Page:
Despite the upward pressure on costs and prices over the past year or so, core consumer price inflation is likely to remain contained in 2005 and 2006. Longer-run inflation expectations are still well anchored, and because businesses are adding to their stocks of capital and are continuing to find ways to use their capital and work forces more effectively, structural productivity will likely rise at a solid pace over the foreseeable future. In addition, barring a further increase in oil prices, the boost that higher energy costs have given to core inflation should wane in coming quarters, while the recent appreciation of the dollar, as well as the deceleration in global materials prices, will likely reduce the impetus to inflation from rising import prices.
Of course, substantial uncertainties surround this economic outlook. A further sharp rise in crude oil prices would have undesirable consequences for both economic activity and inflation, and the possibility that housing prices, at least in some locales, have moved above levels that can be supported by fundamentals remains a concern. As another example, if the recent surge in measured unit labor costs were to prove more persistent than currently appears likely, the outlook for inflation would be adversely affected. Economic growth and inflation will also be shaped importantly by the evolution of the imbalance in the U.S. current account.
Despite increases in the federal funds rate totaling 1-1/4 percentage points in 2004, monetary policy was still judged to be accommodative at the start of 2005. At the time of the February FOMC meeting, the available information indicated that the economy had expanded at a robust pace through the end of 2004 and retained considerable momentum. Accordingly, the Committee voted to raise its target for the federal funds rate from 2-1/4 percent to
2-1/2 percent and to make minimal changes to the text of the accompanying statement. The statement reiterated that "the Committee believes that policy accommodation can be removed at a pace that is likely to be measured." Members noted, however, that this forward-looking language was clearly conditioned on economic developments and therefore would not stand in the way of either a pause or a step-up in policy firming depending on events.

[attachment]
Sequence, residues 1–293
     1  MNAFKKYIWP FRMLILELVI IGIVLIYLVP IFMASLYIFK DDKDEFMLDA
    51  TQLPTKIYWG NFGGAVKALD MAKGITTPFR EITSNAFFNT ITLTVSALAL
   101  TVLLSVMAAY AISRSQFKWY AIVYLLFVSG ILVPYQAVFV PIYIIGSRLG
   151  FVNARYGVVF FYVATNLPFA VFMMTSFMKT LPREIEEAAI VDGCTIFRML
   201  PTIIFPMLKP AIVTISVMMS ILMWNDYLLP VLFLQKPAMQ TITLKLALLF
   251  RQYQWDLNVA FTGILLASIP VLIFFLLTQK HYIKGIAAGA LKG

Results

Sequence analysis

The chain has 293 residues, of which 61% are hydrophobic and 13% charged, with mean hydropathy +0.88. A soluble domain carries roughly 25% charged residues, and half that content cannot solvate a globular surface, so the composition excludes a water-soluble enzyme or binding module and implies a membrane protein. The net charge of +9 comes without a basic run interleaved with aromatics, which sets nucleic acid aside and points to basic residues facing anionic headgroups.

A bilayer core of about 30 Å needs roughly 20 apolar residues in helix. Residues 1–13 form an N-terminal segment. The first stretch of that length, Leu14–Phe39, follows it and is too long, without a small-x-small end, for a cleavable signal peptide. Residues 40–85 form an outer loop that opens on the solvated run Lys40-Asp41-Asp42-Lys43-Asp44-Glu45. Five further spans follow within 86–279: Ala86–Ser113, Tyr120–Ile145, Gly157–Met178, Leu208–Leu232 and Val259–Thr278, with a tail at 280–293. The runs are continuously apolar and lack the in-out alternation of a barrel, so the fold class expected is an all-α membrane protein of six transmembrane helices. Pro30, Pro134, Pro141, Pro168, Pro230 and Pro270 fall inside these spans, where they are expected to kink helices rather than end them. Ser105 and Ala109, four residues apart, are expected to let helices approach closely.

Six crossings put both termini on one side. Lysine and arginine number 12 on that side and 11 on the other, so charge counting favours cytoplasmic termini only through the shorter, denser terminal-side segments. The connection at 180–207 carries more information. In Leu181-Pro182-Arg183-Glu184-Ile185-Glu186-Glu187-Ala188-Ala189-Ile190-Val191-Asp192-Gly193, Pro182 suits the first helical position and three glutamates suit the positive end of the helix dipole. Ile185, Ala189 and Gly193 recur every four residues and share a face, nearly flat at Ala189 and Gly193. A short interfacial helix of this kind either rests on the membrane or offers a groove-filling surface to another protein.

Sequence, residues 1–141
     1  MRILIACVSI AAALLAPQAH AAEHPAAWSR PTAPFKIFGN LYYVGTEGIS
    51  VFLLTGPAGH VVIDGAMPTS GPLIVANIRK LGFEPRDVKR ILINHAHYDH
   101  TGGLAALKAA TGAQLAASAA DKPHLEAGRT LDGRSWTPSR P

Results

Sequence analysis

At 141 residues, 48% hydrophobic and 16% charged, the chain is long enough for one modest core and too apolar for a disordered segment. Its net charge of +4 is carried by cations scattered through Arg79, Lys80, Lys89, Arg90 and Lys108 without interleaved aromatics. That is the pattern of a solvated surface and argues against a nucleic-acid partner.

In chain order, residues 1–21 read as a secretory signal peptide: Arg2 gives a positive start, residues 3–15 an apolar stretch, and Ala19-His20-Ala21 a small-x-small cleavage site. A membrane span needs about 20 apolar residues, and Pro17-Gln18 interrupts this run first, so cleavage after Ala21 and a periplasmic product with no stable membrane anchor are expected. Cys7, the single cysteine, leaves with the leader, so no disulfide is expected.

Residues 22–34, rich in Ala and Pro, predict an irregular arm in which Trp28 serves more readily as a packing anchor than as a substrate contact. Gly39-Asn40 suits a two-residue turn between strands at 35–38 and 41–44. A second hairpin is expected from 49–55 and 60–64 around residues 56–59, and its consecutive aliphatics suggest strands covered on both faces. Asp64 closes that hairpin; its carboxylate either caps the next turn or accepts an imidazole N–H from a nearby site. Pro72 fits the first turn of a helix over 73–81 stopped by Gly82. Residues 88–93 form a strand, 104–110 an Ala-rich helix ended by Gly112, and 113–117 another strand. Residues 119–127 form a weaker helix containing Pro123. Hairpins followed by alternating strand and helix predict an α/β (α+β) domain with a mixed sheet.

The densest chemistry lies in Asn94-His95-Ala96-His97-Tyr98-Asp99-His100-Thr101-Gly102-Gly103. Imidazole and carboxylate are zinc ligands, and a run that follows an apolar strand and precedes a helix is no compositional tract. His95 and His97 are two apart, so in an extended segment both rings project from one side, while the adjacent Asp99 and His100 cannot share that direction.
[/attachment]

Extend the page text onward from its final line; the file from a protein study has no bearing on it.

By March, the data were pointing to a further solid gain in activity during the first quarter, fueled especially by continued increases in consumption expenditures and residential investment. In addition, private nonfarm payrolls were posting widespread advances, and slack in resource utilization appeared to be diminishing. The Committee voted at its March meeting to raise the federal funds rate another 25 basis points, to 2-3/4 percent. In view of the rise in prices of energy and other commodities and recent elevated readings on inflation in core consumer prices, the Committee altered the text of the policy statement to note the pickup in inflationary pressures. The Committee also decided to modify the assessment of the balance of risks to make it explicitly conditional on an assumption of "appropriate" monetary policy, so as to underscore that maintaining balanced risks would likely require continued removal of policy accommodation.
The evidence that had accumulated by the spring pointed to some moderation in the pace of activity. Retail spending flattened out for a time, likely in response to higher energy prices, and the growth of capital spending dropped back from its elevated pace of late last year. Nonetheless, with long-term interest rates still quite low and with employment and profits continuing to rise, economic activity appeared to retain considerable momentum, suggesting that the softness would be short lived. Against this backdrop, the FOMC decided to raise the federal funds rate another 25 basis points at its May meeting and to make few changes to the text of the accompanying statement.